Data security doesn’t have to be expensive or frustrating. It’s an axiom worth remembering. By thoughtfully designing a data security program, banks can greatly reduce the risk of data breaches without spending a lot of money or interrupting business. Most security incidents require very little effort on the part of the hacker. In the 2013 Data Breach Investigations Report released by Verizon, 75 percent of all breaches were considered to be opportunistic attacks. That means that in a majority of instances, even a modicum of effort may have been enough to stop a breach.
The first step in data breach prevention is ensuring your employees clearly understand that data security is a critical element of their jobs. Fortunately, good programs don’t have to be laborious. The process should begin during new hire orientation with some simple training. Let employees know what behaviors to avoid (clicking on suspicious links in e-mails, sharing login credentials with other employees, etc.), what a potential security incident would look like and what to do if they see suspicious activity. For maximum impact, it’s important that data protection not be a once-a-year, just-for-compliance sort of activity. Instead, the message should be communicated throughout the year in everyday conversations, and in follow-ups by management as employees are doing their daily work. It’s an inexpensive yet highly effective approach.
Implementing a policy that mandates strong passwords is another tactic that typically doesn’t cost anything, and doesn’t require complex technology in the backend infrastructure to have a powerful impact. Ideally a password is not found in the dictionary. Instead, it should be a long mix of letters (in both uppercase and lowercase) interspersed with numbers and symbols. Bank systems should also require that passwords be changed on a regular schedule, at least twice each year. A security audit should be conducted to confirm compliance with the policy, since research shows that employees won’t follow this practice if left to their own devices. A recent poll conducted by antivirus software maker ESET and Harris Interactive found that 45 percent of respondents admitted they only change their passwords once a year, while 16 percent said they never change them.
Antivirus software is a best practice, and it is hard to imagine an organization that does not have antivirus protection at the server and desktop. Many challenges facing today’s organizations revolve around applying the latest antivirus protection to mobile devices, as these also can fall prey to malware from links in email, Internet browsing and other activity that occurs while the device is separated from the protection of the network. Ensure that mobile devices pass an antivirus scan each time they are allowed to rejoin the network. Even systems that update automatically need to be monitored to see which updates do not complete successfully. Produce and review a report that verifies which devices have not updated, and remediate these devices as they return to the network.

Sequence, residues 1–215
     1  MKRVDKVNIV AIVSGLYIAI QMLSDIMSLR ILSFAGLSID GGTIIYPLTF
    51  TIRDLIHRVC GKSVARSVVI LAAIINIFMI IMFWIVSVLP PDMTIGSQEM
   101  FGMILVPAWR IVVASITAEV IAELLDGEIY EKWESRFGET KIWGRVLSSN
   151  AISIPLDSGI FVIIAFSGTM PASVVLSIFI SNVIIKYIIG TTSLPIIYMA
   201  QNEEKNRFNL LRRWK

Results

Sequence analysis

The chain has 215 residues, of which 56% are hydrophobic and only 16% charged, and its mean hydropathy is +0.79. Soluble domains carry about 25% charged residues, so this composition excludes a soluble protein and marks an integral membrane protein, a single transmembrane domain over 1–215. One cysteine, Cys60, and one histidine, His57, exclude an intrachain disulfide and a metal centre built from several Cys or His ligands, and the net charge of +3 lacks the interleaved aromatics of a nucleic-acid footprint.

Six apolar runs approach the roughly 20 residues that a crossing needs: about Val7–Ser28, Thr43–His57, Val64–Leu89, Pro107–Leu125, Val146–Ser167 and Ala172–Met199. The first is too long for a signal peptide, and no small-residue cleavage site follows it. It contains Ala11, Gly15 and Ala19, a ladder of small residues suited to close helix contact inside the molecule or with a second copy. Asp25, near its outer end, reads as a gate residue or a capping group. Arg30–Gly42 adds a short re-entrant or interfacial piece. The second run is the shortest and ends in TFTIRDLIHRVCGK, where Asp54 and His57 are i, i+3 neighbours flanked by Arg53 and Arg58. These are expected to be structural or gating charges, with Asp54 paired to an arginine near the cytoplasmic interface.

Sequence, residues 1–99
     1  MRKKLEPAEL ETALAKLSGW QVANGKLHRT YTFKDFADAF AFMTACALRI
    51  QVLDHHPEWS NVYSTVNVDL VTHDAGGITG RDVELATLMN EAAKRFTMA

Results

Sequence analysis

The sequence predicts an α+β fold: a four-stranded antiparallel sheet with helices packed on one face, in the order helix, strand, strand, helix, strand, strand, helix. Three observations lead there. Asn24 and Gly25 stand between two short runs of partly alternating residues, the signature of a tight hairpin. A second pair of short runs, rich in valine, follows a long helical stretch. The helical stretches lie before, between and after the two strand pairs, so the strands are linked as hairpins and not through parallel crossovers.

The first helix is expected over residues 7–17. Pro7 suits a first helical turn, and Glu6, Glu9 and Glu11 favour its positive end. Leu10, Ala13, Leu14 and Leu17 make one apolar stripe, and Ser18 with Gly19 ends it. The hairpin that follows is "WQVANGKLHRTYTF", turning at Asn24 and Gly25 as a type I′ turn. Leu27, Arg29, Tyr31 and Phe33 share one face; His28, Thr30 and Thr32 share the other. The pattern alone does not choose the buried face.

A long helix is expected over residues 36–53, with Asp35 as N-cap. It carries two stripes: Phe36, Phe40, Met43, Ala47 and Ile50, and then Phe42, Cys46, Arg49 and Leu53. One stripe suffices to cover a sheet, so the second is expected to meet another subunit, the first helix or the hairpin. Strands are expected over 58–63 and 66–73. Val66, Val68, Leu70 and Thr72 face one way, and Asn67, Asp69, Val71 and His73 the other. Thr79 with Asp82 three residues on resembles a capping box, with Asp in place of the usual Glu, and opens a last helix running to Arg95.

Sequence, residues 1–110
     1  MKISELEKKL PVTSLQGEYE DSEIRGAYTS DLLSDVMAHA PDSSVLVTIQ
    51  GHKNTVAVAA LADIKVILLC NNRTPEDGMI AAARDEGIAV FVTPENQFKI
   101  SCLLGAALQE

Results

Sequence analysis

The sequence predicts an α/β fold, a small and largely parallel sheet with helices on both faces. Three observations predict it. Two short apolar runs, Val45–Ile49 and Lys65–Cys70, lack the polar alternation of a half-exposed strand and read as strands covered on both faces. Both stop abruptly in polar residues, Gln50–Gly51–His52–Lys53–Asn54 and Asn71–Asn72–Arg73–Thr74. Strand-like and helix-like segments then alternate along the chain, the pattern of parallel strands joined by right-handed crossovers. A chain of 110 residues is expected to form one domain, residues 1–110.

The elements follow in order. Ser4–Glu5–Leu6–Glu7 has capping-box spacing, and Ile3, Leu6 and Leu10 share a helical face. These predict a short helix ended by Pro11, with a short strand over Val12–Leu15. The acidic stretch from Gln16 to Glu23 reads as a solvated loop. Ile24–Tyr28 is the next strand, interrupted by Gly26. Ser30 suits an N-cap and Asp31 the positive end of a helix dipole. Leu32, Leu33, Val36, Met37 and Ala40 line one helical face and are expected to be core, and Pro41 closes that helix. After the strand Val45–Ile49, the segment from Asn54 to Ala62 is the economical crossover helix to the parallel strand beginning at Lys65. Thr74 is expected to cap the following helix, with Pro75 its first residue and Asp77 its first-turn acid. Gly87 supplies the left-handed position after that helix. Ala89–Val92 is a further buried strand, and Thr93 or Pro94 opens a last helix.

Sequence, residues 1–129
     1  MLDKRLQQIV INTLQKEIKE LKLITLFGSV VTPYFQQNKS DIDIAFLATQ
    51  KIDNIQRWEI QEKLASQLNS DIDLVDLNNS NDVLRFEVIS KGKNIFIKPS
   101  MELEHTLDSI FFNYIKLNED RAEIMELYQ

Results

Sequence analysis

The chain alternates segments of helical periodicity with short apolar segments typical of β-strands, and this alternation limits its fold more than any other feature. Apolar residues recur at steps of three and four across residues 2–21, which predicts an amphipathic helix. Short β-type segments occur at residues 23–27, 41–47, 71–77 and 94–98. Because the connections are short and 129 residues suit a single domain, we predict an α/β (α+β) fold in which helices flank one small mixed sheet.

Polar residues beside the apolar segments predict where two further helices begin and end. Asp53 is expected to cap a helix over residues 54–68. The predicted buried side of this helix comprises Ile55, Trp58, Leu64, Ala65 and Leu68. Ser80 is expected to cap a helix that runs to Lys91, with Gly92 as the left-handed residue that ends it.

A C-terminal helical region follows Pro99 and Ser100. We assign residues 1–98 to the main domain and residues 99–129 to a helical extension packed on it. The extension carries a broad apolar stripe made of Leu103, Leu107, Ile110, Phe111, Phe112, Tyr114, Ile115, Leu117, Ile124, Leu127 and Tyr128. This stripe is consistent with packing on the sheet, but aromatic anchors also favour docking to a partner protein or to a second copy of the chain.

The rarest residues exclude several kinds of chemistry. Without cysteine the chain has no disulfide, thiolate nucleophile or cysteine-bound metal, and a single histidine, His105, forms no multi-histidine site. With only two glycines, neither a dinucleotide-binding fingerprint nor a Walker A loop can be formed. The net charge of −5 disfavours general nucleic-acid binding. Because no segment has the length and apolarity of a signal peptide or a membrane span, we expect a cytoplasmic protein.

Give employees the tools to encrypt any data that is moved outside the protections in place across the network. Secure e-mail transmissions with encryption, and provide encrypted USB devices for any documents that must travel with employees. Do not permit unencrypted documents to be loaded onto laptops with unencrypted drives that may be lost, stolen or accessed surreptitiously while employees connect to public WiFi in hotels, airports and coffee shops. Encrypting documents on mobile devices can go a long way toward preventing a data loss from becoming a data breach that requires notification. Encrypted USB drives are available that are easy to use, inexpensive, and even allow a company to remotely wipe the documents from the USB drive if it is lost or stolen.
At the administrator level, there are some additional no-cost or low-cost things that can be done to further protect your institution’s information. Be sure that IT and contract IT services using administrator account privileges limit the use of those access credentials to only the activities that require them. It’s easy and common for someone with administrator-level access to use an administrator account every day, but it’s a potentially dangerous practice and scaling back on how frequently it’s used is free. Monitor administrator-level usage and confirm the activity is logged to read-only media, so that in the event of a breach you are positioned to receive early alerts on suspicious activity and contain the damage. The log files will provide you with evidence on what was and what was not accessed, to allow your response to be tailored rather than broad and sweeping. Lastly, if anyone has administrator-level login credentials that doesn’t really need them, remove them. Account permissions should be audited monthly to confirm they align with assigned responsibilities and current employee lists. It is all too common for contractors with special access to complete a project, but their access to remain in place after they have moved onto another project.
Deena Coffman is Chief Operation Officer for IDT911 Consulting and Information Security Officer for IDentity Theft 911.